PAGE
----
To Design Great Products Start With A Problem
In 1974, British industrial designer James Dyson was using his Hoover Junior vacuum cleaner and became incredibly frustrated by how weak the suction was, and how quickly it clogged up. From that moment on, he became convinced he could build a more efficient vacuum cleaner. It took many years and over 5,000 prototypes, but in 1993 he created the Dyson DC01. Within 18 months it became the biggest selling vacuum cleaner in the U.K.
Fast forward to last month at the International Automobile Show in New York City. According to the Wall Street Journal, while many automobile manufacturers were showing off their models’ latest tech bells and whistles, it was a centralized vacuum cleaner in the Honda Odyssey mini-van that “stole the show.” The idea originated from an engineer at Honda who went on a road trip with his family and was frustrated by all the crumbs and trash that accumulated in his own minivan. His engineering team at Honda realized that a centralized vacuum system “would have a lot of value to their customers.”
While vacuum cleaners might not be the flashiest of products, they don’t need to be. Dyson and Honda succeeded because clearly they solved problems for their customers. A flashier example may be Amazon Web Services.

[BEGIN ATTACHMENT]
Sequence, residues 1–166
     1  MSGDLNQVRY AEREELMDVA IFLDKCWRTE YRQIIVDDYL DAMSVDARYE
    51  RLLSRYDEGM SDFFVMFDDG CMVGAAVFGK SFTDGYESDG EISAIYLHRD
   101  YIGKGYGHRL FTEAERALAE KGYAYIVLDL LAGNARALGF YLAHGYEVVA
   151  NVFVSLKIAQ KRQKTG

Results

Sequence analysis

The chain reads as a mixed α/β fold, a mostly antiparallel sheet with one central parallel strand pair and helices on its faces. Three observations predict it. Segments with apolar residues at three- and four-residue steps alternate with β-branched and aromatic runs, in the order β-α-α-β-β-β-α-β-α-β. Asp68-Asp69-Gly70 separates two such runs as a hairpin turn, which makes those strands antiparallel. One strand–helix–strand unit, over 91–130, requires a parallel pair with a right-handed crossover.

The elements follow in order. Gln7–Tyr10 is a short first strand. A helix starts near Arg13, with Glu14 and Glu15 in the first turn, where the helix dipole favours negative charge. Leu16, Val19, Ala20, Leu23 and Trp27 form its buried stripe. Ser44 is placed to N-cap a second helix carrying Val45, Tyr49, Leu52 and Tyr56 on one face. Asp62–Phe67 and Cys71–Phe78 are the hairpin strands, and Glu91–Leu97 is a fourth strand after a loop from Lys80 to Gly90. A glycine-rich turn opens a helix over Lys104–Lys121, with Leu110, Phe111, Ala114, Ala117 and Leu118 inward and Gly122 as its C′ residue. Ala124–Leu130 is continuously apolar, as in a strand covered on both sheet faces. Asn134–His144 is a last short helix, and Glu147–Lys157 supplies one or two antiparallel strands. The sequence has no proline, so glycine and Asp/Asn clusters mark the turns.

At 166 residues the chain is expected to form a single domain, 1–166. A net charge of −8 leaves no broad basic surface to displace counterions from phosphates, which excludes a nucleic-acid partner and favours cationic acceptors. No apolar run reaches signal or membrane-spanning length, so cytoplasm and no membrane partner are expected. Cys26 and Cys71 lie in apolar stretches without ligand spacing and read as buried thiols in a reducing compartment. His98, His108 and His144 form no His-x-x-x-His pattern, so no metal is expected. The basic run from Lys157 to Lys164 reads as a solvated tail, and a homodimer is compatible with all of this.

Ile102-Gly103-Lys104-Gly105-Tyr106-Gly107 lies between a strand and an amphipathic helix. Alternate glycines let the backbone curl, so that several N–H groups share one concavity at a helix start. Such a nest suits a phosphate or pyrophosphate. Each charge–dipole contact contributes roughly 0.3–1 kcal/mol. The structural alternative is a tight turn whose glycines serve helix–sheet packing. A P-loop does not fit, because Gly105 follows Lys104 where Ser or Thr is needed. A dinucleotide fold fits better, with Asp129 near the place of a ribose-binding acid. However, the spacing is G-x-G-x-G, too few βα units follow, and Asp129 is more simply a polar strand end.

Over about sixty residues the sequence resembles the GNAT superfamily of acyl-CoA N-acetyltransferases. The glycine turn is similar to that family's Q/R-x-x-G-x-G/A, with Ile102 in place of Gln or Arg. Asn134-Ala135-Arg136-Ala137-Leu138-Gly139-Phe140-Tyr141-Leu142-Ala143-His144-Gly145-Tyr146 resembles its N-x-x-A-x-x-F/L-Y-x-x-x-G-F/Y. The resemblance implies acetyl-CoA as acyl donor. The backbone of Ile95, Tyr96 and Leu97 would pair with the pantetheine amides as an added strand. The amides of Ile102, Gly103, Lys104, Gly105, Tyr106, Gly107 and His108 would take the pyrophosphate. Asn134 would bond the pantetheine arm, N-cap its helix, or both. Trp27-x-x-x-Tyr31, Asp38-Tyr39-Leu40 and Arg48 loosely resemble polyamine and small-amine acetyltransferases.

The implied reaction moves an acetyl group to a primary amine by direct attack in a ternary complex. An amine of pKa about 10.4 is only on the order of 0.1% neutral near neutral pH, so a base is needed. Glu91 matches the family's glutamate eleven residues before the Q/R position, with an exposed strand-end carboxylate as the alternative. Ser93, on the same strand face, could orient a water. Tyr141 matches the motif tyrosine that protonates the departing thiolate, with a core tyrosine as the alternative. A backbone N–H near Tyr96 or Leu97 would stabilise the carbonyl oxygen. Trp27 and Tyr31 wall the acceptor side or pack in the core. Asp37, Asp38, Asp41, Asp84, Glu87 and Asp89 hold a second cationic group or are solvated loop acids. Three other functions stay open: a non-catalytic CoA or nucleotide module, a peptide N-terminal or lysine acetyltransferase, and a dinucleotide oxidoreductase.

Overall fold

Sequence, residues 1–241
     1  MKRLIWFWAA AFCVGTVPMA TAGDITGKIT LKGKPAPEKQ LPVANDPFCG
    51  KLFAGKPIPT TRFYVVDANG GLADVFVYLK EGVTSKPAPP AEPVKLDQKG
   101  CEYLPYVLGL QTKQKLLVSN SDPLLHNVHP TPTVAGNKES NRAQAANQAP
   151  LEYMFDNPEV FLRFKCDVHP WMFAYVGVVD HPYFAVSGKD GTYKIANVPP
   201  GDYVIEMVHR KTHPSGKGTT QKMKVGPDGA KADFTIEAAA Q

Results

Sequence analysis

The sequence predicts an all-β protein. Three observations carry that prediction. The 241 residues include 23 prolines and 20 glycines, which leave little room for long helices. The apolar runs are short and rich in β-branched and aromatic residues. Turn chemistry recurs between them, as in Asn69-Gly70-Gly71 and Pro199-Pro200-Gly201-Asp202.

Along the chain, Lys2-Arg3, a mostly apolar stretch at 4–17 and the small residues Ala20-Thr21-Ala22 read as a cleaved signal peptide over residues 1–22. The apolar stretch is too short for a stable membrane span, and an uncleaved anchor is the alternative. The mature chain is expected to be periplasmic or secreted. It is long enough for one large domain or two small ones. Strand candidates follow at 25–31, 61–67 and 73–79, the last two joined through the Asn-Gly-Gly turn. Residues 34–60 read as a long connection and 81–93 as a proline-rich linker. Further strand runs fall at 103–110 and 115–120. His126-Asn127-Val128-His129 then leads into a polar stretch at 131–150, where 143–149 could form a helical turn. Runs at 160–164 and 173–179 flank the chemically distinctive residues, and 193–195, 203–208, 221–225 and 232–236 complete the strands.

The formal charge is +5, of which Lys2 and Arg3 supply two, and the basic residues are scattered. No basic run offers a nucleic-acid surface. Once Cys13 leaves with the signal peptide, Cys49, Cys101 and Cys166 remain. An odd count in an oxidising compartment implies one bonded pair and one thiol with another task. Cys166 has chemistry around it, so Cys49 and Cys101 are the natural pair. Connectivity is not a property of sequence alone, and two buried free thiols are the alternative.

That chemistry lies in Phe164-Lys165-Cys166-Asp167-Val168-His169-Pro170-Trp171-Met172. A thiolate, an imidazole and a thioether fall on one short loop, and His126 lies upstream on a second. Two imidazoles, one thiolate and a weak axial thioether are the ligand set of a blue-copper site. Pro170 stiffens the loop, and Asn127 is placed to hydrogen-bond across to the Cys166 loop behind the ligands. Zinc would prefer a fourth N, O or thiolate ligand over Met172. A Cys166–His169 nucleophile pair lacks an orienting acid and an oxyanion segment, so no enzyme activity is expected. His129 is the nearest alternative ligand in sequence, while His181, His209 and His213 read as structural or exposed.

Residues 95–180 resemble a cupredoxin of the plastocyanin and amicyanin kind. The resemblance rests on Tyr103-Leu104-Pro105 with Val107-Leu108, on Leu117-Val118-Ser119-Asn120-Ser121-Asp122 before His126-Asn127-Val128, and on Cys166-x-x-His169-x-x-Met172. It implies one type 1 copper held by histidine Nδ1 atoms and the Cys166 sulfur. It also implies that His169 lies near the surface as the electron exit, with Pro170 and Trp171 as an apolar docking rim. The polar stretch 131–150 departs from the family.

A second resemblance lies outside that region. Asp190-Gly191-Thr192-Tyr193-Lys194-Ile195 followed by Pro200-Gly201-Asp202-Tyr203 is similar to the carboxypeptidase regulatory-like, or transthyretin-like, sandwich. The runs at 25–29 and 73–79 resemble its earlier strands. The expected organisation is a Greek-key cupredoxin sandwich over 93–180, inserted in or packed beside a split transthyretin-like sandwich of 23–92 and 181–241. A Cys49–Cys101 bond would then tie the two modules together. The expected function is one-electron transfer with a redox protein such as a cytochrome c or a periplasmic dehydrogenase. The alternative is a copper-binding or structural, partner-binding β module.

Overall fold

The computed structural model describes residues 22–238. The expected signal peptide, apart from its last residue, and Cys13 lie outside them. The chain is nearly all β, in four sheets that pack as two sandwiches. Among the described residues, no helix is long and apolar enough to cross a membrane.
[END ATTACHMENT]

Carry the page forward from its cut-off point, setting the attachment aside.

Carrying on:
Most people think of Amazon’s customers as the millions of consumers who buy books and other retail products online. But Amazon also serves more than 100,000 retailers who use Amazon’s eCommerce platform for their online stores – from specialty retailers to Target. In 2003, Amazon realized that its retail customers had a problem: they would never realize the costs savings of cloud computing because they lacked the technical sophistication. An entrepreneurial employee proposed to Jeff Bezos that Amazon create a service business to provide their retail customers an easy way to access computing power and storage on demand. Amazon got a head start in this emerging market and its Amazon Web Services business went on to become the market leader in cloud computing – bigger than the cloud computing businesses of Google, IBM, HP, and Rackspace. And all because they started with a customer problem
If you want to design a great product, find a good customer problem to solve.
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